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10,000 High School Students Signature Campaign

10000high school student signature campaign

The High School Students' Ten Thousand Signature Campaign is collecting signatures requesting the abolition of nuclear weapons to deliver to the United Nations. This year marks the 23rd year of the campaign, and the total number of signatures collected has exceeded 2,000,000.In addition to this, they also conduct disaster recovery support fundraising activities and the 'High School Students' Ten Thousand Pencils Campaign,' which gathers and delivers school supplies to children living in countries like Afghanistan and the Philippines.Under the slogan, 'Impacts May Be Small, But not Powerless' high school students themselves are actively participating in these activities on streets across the country.


The start of the signature

In January 2001, prompted by the recruitment of Nagasaki High School Peace Ambassadors, 14 high school students came together not only to visit the United Nations to call for the abolition of nuclear weapons but also to think about what they could do with their own efforts. This led to the launch of a signature campaign aimed at the abolition of nuclear weapons.At that time, it was estimated that there were around 10,000 high school students in Nagasaki, which led to the name "High School Students' Ten Thousand Signature Campaign." This marked the beginning of the "High School Students' Ten Thousand Signature Campaign Executive Committee," which aims to achieve the abolition of nuclear weapons and a peaceful world. 


Spreading to the world

The signature campaign advocating for nuclear weapon abolition, which began in 2001, has seen the participation of approximately 5,000 high school students so far. In Japan, the campaign has strongholds not only in the atomic-bombed cities of Nagasaki and Hiroshima but also in Okinawa, Miyazaki, Oita, Kumamoto, Saga, Fukuoka, Nara, Hyogo, Osaka, Aichi, Shizuoka, Niigata, Kanagawa, Tokyo, Fukushima, Iwate, and Hokkaido. Moreover, the campaign's activities have extended overseas to countries such as South Korea, the Philippines, and Brazil.

The signatures are delivered to the United Nations European Headquarters by the Hiroshima and Nagasaki Peace Messengers. This campaign is said to be the only signature activity recognized by the United Nations.At the United Nations European Headquarters, there is a display shelf for the High School Students' Ten Thousand Signature Campaign, where all the signature books are permanently preserved. Additionally, part of the signature books is exhibited at the permanent atomic bomb exhibition, which was established in November 2011. 


Atomic bomb survivors are not limited to Japanese nationals. There are many survivors in South Korea who were exposed to the bombings in Hiroshima and Nagasaki and subsequently returned to their home country. Unfortunately, they still do not receive sufficient support.Since 2003, visits to South Korea have been organized to interact with these Korean atomic bomb survivors and to participate in local signature collection activities alongside Korean high school students. Additionally, Korean high school students are invited to Nagasaki each year to deepen their learning and foster exchanges.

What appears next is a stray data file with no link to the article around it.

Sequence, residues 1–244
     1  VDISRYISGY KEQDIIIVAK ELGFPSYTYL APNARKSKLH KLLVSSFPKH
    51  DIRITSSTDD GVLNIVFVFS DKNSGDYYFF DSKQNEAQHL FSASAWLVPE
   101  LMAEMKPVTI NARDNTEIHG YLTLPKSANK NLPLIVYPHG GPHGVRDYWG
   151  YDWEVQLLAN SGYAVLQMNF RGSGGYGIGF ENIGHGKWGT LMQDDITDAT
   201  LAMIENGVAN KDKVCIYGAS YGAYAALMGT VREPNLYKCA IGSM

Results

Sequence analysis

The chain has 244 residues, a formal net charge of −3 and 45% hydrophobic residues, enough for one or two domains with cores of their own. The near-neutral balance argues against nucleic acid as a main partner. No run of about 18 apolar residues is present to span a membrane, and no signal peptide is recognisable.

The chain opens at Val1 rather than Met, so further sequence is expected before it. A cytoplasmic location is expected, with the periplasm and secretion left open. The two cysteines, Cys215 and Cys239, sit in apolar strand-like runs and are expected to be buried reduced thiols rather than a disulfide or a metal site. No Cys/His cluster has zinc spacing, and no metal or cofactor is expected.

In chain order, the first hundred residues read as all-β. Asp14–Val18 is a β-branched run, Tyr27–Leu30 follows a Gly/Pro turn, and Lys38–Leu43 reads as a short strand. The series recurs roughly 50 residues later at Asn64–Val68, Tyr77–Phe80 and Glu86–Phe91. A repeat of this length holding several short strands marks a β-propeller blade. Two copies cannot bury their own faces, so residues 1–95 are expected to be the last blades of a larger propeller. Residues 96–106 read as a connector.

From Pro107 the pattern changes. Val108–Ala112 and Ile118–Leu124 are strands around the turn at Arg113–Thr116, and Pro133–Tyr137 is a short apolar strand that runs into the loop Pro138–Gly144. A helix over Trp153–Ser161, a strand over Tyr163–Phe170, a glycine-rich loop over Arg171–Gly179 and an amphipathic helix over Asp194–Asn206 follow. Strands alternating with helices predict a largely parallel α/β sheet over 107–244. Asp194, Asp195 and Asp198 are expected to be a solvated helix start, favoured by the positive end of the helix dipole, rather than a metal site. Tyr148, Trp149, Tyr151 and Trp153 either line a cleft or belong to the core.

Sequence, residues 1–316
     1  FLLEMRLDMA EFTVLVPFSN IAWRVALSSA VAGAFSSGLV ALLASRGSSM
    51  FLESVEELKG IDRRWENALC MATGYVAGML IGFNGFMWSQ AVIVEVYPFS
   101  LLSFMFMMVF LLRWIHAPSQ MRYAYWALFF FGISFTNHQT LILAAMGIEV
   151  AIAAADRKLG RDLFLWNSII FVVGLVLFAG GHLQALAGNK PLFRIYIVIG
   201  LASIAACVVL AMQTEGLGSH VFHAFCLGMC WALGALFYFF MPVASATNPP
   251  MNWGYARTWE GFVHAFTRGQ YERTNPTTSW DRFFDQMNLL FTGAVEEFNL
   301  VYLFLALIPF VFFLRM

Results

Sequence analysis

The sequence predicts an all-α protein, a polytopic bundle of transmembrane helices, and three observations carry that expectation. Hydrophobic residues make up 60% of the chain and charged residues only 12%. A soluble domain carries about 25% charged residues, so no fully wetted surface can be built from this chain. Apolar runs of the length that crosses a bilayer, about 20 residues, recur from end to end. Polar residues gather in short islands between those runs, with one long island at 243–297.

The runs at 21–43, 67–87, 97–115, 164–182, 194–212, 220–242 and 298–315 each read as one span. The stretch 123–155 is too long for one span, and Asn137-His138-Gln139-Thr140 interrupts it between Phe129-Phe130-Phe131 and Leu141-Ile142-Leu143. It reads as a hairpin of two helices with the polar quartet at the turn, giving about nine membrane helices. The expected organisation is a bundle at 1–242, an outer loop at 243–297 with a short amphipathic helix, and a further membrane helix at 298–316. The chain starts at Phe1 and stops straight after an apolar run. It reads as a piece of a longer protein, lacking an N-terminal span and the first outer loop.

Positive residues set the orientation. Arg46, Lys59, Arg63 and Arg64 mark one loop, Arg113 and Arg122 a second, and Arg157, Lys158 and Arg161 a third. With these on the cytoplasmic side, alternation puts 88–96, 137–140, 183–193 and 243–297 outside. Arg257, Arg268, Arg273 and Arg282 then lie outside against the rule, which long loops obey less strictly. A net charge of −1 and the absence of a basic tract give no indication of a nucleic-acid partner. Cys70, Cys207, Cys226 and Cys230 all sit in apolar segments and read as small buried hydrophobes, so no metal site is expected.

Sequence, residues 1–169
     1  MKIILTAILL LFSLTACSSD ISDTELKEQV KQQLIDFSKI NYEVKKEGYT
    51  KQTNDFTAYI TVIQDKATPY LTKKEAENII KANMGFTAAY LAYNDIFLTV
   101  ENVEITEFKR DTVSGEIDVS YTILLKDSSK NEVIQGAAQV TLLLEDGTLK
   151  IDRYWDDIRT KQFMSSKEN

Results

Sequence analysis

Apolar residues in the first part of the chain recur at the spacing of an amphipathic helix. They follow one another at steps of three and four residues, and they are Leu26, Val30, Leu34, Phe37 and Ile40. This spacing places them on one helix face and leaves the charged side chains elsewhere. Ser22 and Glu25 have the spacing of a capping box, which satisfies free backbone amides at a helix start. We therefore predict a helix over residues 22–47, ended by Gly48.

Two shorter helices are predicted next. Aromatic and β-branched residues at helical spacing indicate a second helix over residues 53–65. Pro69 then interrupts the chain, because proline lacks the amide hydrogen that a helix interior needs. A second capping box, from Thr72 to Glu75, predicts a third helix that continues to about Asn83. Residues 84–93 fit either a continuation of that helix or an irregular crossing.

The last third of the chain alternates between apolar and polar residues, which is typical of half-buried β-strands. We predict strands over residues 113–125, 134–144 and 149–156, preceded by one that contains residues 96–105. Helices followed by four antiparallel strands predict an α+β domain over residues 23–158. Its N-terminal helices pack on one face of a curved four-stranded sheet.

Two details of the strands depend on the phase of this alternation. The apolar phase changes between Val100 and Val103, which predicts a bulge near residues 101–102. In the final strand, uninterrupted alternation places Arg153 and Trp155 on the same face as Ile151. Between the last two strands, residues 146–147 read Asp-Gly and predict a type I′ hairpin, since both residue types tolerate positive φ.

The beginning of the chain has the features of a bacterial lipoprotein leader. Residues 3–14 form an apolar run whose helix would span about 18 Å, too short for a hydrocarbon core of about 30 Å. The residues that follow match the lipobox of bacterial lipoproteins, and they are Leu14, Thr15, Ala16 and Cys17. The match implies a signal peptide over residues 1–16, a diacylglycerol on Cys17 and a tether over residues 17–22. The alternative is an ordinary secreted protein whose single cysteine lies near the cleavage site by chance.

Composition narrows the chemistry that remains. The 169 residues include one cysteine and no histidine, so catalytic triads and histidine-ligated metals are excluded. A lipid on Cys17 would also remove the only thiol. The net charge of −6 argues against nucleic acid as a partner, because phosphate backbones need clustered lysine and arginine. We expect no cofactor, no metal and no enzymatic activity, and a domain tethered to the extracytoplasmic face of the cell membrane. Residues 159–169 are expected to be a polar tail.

Learning Activities

They provide explanations about local historical sites to school trip students and tourists nationwide. They have also launched initiatives such as "Online Field Trips," which allow participants to engage in fieldwork via the internet from remote locations. In addition to this, members of the Hiroshima and Nagasaki Peace Messengers and the High School Students' Ten Thousand Signature Campaign conduct study sessions in various regions. Through these activities, they deepen their own understanding and continue to advocate for the abolition of nuclear weapons. 


Disaster recovery support activities

Not limited to Japan, we conduct fundraising activities for regions affected by natural disasters around the world, and send the aid money through the Japanese Red Cross Society.


High School Students' One Thousand Pencils Campaign

On September 11, 2001, the United States experienced a series of terrorist attacks. In response, the High School Students' Ten Thousand Signature Campaign Executive Committee reflected on what high school students could do under the shared belief that 'war is unacceptable.' Under the slogan 'Education over weapons, pencils over missiles,' they have been delivering school supplies, including pencils, to children in countries facing shortages of educational materials, as well as visiting these locations to engage in exchanges.

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